Handling Online Order Delivery
FedEx offered big discounts on their air network after ending their air-shipping contract with Amazon in June. They’re offering guaranteed two-day air delivery for the same price as shipping items FedEx ground in order to win over shippers from UPS. FedEx is projecting growth in online shopping will double the number of packages shipped in the US to 100 million a day by 2026 and is now trying to capitalize on that growth after initially being reluctant to handle too much of the lower-margin ecommerce shipping market. UPS is overhauling their network to adapt to the online-shopping boom, spending billions of dollars to build large automated sorting facilities and delivering packages six days a week. The FedEx legacy air network was created decades ago to deliver shipments like legal documents and medical supplies by 8 a.m. or 10:30 a.m. Consumers generally don’t care about what time a package arrives, as long as it arrives quickly. Amazon has about 400 fulfillment centers, sorting centers and air hubs in the US, according to supply chain consultants MWPVL International. Many retailers are using their own stores to pack and ship orders placed online so shipments are traveling short distances where air delivery would not be required. FedEx expects that delivery distances will continue to shrink and that the vast majority of growth will be fulfilled and delivered in the same metropolitan area. One way FedEx is adapting their Express network is with a service called Extra Hours. Drivers do a sweep of AutoZone, BestBuy, Target and other stores late at night to pick up online orders bound for nearby homes. The packages are then brought to a nearby hub where packages brought in on jets are sorted, and all go out on FedEx Express vans for delivery the next day.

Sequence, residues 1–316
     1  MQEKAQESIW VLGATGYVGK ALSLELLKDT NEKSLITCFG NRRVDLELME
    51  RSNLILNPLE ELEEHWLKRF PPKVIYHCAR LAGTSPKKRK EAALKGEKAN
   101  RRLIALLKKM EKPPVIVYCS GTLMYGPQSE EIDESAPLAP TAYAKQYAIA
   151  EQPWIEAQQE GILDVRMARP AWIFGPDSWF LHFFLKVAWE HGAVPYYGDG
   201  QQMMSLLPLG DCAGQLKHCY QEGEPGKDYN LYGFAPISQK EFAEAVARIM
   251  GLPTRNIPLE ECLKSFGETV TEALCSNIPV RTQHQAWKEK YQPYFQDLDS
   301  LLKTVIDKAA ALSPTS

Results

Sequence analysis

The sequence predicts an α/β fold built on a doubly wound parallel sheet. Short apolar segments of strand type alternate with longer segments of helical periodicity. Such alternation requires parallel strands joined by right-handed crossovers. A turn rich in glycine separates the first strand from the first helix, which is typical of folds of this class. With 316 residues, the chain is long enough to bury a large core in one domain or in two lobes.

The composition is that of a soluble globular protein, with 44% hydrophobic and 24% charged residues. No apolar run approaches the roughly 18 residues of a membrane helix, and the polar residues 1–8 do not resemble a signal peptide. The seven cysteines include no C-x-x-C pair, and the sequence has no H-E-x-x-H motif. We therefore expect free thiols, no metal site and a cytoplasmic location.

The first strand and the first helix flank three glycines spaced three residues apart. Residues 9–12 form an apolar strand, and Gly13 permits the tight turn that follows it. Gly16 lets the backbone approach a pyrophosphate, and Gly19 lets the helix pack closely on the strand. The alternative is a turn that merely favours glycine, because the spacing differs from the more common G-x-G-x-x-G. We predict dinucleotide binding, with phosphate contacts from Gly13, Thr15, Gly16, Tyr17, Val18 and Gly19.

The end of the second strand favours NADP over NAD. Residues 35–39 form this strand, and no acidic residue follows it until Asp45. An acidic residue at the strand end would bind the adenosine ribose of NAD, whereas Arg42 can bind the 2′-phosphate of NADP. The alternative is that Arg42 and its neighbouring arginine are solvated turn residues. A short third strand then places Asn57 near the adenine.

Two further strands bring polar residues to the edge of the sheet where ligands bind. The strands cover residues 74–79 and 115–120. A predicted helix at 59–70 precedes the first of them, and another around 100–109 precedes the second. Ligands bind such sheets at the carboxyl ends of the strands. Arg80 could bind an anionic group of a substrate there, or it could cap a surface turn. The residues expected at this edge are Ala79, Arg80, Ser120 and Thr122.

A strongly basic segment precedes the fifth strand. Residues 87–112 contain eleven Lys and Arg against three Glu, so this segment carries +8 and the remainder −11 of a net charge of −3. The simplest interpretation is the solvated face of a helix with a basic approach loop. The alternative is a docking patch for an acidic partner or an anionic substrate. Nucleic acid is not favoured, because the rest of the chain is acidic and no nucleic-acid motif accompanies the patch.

The Humanization of Alexa